3. Discussion

The feasibility to precisely assess mtDNA low-level heteroplasmy in MPS data has important implications for a variety of scientific fields and has led to an ongoing discussion [17]. Indeed, the literature displays a diversity of articles indicating remarkable numbers of low-level sequence variants that are not expected given the current knowledge about the human mitochondrial phylogeny [15,33]. Interpretation of false positive associations is misleading in any particular case and might guide future research in wrong directions. Therefore, data QC, defining the limitations of the applied method and a technical evaluation, at its best is crucial to receive high quality data.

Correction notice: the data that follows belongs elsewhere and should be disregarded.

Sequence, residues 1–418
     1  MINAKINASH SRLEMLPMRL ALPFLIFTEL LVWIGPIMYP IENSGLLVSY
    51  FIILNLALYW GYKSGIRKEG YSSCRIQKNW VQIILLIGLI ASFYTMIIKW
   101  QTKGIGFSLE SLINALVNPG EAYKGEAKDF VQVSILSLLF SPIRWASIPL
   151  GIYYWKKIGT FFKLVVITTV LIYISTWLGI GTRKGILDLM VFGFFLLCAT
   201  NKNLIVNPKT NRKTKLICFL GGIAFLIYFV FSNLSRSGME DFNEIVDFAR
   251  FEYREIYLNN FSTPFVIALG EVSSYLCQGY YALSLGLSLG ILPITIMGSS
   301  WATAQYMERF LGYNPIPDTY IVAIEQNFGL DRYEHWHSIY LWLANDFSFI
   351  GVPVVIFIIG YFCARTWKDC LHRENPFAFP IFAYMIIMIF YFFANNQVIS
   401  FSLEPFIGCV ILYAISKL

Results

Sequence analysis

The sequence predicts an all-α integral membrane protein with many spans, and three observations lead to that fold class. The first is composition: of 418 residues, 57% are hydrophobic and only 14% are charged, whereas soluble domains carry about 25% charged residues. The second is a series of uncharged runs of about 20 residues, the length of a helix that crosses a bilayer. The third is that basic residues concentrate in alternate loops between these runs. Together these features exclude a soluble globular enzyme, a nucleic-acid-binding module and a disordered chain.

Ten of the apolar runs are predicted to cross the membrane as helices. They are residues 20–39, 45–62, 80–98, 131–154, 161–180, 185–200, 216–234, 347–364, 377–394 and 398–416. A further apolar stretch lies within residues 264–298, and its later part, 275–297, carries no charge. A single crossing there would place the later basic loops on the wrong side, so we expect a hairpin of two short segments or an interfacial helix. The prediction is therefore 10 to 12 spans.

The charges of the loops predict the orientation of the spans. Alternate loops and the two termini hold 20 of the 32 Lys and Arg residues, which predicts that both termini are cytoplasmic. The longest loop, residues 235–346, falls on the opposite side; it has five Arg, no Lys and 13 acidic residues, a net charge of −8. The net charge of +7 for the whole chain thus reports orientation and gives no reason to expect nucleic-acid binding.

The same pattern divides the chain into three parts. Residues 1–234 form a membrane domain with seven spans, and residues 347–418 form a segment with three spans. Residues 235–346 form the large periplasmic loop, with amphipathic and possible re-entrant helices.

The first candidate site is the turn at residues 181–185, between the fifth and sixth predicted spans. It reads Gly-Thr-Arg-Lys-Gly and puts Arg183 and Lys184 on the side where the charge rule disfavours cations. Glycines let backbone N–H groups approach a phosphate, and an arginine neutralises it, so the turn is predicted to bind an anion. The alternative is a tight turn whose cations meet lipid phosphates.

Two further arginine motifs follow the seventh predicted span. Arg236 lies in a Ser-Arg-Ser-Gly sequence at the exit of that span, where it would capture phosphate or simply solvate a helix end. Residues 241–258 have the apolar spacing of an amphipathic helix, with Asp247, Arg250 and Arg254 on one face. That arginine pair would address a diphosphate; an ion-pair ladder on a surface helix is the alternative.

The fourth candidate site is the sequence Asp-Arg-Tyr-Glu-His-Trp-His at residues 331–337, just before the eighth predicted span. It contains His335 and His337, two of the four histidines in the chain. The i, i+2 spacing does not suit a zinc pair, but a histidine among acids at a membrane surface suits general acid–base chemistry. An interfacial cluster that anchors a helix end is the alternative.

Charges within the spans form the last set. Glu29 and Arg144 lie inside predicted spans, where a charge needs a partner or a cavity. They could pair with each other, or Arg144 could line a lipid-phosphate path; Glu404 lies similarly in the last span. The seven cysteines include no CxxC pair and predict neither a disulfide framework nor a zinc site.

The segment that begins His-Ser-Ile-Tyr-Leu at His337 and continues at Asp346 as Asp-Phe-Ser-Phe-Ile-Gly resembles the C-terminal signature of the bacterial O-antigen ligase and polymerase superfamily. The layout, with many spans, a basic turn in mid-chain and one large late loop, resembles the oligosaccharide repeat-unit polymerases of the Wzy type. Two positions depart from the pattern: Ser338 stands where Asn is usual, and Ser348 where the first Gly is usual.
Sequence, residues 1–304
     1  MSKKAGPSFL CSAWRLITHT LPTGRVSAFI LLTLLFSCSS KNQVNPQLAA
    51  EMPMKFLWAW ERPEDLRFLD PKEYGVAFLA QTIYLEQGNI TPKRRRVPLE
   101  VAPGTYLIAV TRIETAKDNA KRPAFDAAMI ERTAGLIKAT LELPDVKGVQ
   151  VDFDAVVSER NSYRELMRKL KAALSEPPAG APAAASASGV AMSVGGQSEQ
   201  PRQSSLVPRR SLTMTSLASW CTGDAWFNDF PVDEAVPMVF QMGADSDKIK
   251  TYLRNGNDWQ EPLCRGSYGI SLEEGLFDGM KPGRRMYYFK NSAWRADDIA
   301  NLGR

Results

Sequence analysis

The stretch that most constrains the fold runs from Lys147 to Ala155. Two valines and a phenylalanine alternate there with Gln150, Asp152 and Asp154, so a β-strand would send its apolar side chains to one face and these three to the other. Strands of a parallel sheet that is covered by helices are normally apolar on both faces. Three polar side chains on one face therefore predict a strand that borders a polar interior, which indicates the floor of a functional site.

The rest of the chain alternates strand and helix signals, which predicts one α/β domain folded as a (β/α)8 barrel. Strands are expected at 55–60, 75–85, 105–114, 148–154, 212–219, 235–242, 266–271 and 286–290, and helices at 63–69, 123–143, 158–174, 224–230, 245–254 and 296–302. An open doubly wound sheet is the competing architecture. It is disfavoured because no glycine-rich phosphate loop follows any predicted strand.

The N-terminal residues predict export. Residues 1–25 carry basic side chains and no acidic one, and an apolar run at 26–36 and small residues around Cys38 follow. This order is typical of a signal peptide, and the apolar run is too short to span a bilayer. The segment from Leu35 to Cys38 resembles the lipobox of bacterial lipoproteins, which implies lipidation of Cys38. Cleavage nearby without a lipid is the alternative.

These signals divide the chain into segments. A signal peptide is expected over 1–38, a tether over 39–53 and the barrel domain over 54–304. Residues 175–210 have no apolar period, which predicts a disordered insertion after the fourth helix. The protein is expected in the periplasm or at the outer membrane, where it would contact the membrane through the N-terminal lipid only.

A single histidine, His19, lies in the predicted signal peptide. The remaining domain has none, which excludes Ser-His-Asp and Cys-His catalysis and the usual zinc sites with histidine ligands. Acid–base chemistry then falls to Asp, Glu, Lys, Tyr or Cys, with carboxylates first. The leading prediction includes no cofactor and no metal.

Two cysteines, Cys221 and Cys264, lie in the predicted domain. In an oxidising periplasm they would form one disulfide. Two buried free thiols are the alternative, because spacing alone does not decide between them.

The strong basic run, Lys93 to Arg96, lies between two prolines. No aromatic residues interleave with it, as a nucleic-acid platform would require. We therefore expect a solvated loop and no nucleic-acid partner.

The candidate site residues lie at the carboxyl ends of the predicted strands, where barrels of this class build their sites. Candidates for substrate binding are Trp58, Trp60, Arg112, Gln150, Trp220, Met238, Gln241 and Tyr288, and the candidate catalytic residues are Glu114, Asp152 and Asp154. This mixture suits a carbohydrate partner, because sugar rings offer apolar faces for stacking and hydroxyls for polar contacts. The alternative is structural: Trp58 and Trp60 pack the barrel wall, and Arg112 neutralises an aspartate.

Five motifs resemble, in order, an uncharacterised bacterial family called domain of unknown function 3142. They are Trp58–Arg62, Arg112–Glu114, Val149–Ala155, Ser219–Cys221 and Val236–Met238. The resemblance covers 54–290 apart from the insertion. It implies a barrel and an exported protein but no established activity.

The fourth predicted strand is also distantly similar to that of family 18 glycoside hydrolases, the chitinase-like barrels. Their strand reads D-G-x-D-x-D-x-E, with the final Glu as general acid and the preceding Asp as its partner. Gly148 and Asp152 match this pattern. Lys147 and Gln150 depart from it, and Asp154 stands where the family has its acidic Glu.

The rapid development, methodical adaptions, and improvements within the Illumina MiSeq system are raising new challenges. The technique is clearly outperforming conventional Sanger‑type sequencing by means of parallelization and the potential to quantify heteroplasmy given a homogeneous read coverage over the whole mitochondrial genome [1]. On the other hand, it is in the nature of novel approaches that no sufficient evaluation strategy exists by which unexpected single or systematic artefacts can be perceived, particularly if a workflow bears an extensive range for variability. By applying different long-range polymerases within the library construction process, we discovered the emergence of a systematic artefact at position 3210 present in any independent sequencing reaction at equal levels caused exclusively by the NEB enzyme. It is worth noting that the arguable enzyme was the cheapest in the observed group. In our previous work [12] this variant was described as heteroplasmic, but in the light of this observation it would probably be more appropriate to classify it as an artefact. This heteroplasmic site at position 3210 manifested itself in one benign tumor pair with heteroplasmy levels of 1.8% and 1.7%, respectively (Patient KT013), and one additional cancer sample (Patient KT012 with 6.2% heteroplasmy level) but not in the corresponding benign control. As we based our main findings on variants with a heteroplasmy level difference between tumor and paired benign samples of at least 20%, the presence of 3210 does not influence the final conclusion. Randomly introduced polymerase errors would be statistically eradicated by being filtered out based on the defined cut-off setting in the bioinformatic analysis. Systematic errors however, such as those identified in the present study are—if not questioned by a sophisticated evaluation procedure—prone to be reported as an apparent heteroplasmy following false interpretation in the clinical context in the worst case. The critical tuning of the mtDNA analysis pipeline favors the appropriate balance between sensitivity and specificity for variant calling. This can be seen for instance on the M4–M5 mixtures, where mutserve revealed the lowest effectiveness for detecting false positives in noisy data (NEB, Clontech), although it was also the best in avoiding false negatives.